There are “tidy” sins we mothers contend with — sloth that keeps us from cleaning the play room for the millionth time, impatience and the occasional swear word. Then there are the sins that fester, wound our hearts and disrupt the peace at home. In my first few months of mothering, I didn’t even recognize my sin as sin. After all, I was the one who sleep-deprived, sore from childbirth, bored, lonely and heroically staying at home to tend to our little one. Every time my husband walked out the door, took a shower by himself, rolled over when I got up at night and ate a hot meal using a knife and fork at the same time, I secretly and self-righteously nursed a bit of…what? When I finally realized that envy was destroying what should have been the first joyful days with our precious baby boy, I very nearly despaired. My husband held me while I cried in his arms one night. No matter how hard I tried, I couldn’t stop keeping score. Even though my husband worked a night shift, slept precious little and bent over backwards to care for me and our child, I still resented his apparent freedom.
When a friend, mother of a one-year-old, told me how she too had struggled with resentment and envy, I bit my lip and dug my toes into the carpet to keep from crying again. The relief of knowing that I was not the only patient in this ward of the One, Holy and Catholic hospital for sinners was tremendous. I vowed to be more honest with other mothers because sharing our weakness gives us strength. What follows is a list of little epiphanies God has given me along the way, primarily through the wisdom of Fr. Jacques Philippe (I cannot recommend Interior Freedom highly enough), that I hope will be a source of encouragement:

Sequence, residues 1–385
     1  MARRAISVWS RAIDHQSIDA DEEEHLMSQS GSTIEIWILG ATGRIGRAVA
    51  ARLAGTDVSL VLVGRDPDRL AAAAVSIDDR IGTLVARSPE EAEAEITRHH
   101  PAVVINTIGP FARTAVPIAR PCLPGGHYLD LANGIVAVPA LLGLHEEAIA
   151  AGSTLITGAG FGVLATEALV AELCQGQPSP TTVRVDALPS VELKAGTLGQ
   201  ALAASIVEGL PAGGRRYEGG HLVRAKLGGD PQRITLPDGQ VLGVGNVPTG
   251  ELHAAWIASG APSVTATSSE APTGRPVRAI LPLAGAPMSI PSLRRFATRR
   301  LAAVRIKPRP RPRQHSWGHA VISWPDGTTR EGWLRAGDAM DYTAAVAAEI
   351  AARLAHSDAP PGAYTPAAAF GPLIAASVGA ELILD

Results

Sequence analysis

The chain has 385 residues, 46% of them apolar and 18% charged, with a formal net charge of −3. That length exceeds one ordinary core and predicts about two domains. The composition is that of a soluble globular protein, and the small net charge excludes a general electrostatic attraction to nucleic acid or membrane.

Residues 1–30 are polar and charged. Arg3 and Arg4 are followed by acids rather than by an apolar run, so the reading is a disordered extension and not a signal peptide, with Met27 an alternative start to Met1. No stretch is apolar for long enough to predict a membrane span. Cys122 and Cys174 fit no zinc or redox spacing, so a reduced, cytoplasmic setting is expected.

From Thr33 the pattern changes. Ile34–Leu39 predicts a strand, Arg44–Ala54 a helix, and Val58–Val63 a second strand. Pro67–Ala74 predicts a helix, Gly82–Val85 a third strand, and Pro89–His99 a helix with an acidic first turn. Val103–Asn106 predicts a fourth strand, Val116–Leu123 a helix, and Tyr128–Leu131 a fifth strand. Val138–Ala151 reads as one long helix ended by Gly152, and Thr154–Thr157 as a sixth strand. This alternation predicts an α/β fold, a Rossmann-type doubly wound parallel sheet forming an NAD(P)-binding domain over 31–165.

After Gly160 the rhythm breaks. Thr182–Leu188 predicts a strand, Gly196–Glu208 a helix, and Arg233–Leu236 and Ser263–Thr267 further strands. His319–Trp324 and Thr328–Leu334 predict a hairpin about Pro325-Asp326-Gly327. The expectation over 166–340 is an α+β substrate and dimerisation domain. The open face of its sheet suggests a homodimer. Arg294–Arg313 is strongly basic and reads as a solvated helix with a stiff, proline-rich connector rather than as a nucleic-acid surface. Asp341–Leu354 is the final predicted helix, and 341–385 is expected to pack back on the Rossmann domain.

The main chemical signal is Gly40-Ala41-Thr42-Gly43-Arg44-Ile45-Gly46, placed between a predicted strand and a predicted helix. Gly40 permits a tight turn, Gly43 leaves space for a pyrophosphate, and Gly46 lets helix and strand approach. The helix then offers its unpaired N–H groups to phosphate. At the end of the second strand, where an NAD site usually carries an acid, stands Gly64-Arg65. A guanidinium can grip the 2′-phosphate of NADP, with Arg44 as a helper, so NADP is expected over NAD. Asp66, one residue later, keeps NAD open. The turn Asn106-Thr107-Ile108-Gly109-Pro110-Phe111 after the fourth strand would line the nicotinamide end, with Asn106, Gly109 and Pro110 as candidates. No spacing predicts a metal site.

1. The only suffering you have to endure is the one of the present moment.
Mixed in with my envy was a tremendous fear that everything would stay as it was forever. My husband and I are in our early twenties, and likely have many child-bearing years ahead of us, but only God knows. Only God knows if we will be blessed with more children. Only God knows if the next child will be colicky or pure sweetness. Only God knows if I will be a stay-at-home mom or will return to a career. My only task is to meet and love Him in the present moment: “For the Present is the point at which time touches eternity. Of the present moment, and of it only, humans have an experience analogous to the experience which [God] has of reality as a whole; in it alone freedom and actuality are offered them.”
When you are concerned only with the here and now, the crosses of mothering don’t seem so burdensome, and the joys are magnified. When you meet God now, He frees you from the burden of yourself and offers the sweet and light burden of His love.
2. Take away envy, and what’s mine is yours.
In marriage, we are called to be one; to give all of our self to the other without reserve. There is no mine and yours – every success of my husband’s is mine, every suffering of mine is his, every joy and sorrow of this life is ours. In the words of St. Augustine: “If you love unity, whoever in it has anything has it also for you. Take away envy, and what I have is yours; let me take away envy, and what you have is mine.”
3. Recognize the battle.
I went to reconciliation a few months after having my son, and confessed to my jealousy. The priest gently suggested that even if I was the one working while my husband stayed home with the baby, I would still be envious. He was so right. The problem wasn’t with my husband or our situation at all. My dissatisfaction came from my fear of the cross of mothering, a fear that my identity would be swallowed up, fear of the sufferings that might be: “What really hurts us is not so much suffering itself as the fear of suffering…The worst kind of suffering is not that which we experience; it is represented suffering that grips the imagination and makes us adopt false attitudes.”